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Ecclesiastical fashions on show in St Paul's

Two elaborately designed copes with connections to various Jubilee celebrations will remain on display inside St Paul’s until the end of July.

The Jubilee Cope
The Jubilee Cope was conceived as a project to mark the Silver Jubilee of Elizabeth II in 1977. It was designed by Beryl Dean, one of the foremost textile practitioners of the twentieth-century, and it was executed under her direction by needlework students at the Stanhope Institute. After a year of conservation work on the delicate gold and silver threads which depict the spires of 73 London churches, three Royal Peculiars and St Paul’s Cathedral, the Jubilee Cope and Mitre were also used by the current Bishop of London at the Diamond Jubilee Thanksgiving Service in June.

The Winnington-Ingram Cope & Mitre
The Winnington-Ingram Cope & Mitre were made in about 1905 for Arthur Winnington-Ingram, Bishop of London (1901-1939). They were worn by him at the Silver Jubilee Thanksgiving Service for George V in 1935 and the Coronation of George VI in 1937. The cope is made of cream damask with orphreys of green, silk damask, decorated with two shields; one bears the crossed swords of the Diocese of London, the other the crossed keys of St Peter. Above the shields are two figures, St Paul and St Mellitus (who founded St Paul’s Cathedral on the site of the present building in 604AD). The hood bears a depiction of Christ in Majesty.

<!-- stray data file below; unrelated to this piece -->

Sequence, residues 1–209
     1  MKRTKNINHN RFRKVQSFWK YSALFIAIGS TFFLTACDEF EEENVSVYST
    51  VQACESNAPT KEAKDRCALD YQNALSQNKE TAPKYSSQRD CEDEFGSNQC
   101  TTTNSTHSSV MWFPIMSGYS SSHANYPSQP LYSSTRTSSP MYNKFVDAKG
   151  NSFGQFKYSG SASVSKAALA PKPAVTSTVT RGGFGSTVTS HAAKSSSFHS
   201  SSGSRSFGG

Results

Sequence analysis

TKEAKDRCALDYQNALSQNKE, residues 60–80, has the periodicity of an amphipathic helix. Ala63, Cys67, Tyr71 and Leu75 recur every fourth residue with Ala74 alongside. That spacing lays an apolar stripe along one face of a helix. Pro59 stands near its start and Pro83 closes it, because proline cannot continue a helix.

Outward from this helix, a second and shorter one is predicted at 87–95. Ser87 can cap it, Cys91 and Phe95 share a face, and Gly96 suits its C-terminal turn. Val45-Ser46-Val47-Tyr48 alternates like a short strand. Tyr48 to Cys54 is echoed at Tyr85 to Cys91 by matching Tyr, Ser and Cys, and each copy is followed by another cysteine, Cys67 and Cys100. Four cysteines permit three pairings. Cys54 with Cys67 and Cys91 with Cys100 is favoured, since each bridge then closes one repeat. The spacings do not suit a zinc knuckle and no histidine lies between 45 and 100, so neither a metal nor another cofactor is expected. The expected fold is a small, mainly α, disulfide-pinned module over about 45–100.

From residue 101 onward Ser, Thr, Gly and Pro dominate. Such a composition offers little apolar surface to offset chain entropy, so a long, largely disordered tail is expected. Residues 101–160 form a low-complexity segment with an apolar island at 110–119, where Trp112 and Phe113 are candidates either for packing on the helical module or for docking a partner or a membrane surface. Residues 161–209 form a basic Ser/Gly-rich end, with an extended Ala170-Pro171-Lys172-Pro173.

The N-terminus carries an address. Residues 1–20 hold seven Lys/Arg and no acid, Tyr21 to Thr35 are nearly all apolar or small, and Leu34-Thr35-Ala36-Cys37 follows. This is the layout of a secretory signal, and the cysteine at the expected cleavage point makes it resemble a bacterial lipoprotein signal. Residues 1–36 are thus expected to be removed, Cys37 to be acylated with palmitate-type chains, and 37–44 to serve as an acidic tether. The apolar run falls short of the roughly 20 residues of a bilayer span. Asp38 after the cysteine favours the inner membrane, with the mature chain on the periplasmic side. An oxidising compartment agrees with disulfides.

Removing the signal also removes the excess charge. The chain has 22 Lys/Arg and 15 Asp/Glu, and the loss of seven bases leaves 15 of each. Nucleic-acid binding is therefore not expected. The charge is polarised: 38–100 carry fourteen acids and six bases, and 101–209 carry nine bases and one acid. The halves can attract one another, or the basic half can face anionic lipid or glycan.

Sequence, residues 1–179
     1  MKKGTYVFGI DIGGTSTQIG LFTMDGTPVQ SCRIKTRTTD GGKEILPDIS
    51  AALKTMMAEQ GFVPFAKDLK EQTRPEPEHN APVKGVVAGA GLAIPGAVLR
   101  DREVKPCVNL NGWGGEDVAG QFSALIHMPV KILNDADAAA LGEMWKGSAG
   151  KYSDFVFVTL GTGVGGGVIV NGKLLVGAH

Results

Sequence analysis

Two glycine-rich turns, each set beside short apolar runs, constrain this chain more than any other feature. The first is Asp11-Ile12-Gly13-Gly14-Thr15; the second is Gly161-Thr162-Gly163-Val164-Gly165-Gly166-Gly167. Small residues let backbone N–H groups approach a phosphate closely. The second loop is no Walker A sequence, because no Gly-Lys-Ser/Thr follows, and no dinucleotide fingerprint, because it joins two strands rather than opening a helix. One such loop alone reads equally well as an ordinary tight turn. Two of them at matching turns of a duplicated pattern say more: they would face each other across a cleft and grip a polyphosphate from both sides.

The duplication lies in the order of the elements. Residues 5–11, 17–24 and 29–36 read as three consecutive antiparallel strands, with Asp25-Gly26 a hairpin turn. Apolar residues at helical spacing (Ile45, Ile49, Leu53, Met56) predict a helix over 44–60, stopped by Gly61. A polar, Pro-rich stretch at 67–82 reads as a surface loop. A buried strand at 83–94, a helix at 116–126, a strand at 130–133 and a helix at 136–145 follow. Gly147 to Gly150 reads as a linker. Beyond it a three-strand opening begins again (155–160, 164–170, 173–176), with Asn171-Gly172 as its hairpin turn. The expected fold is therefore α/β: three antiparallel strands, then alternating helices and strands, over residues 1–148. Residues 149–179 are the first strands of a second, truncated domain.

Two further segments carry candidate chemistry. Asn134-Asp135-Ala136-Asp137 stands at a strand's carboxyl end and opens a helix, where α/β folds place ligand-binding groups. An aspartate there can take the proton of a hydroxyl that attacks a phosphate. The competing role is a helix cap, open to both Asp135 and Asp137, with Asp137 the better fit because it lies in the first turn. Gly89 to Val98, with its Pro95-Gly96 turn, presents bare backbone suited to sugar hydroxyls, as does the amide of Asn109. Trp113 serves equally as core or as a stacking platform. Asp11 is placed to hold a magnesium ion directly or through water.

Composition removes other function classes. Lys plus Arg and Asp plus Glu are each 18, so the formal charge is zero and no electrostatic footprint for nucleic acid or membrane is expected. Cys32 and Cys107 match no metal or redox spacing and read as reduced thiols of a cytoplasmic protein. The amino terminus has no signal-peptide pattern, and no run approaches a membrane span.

Once Bishop Winnington-Ingram retired he lent the mitre to a friend, John Poole-Hughes, who became Bishop of South-West Tanganyika and took the mitre with him to Africa. Poole-Hughes went on to become Bishop of Hereford and the mitre was put aside until his death, at which point his sister donated it to Fulham Palace, which has generously loaned it for this display.

The two copes and their accompanying mitres can be seen in the cathedral’s Minor Canon’s Aisle.

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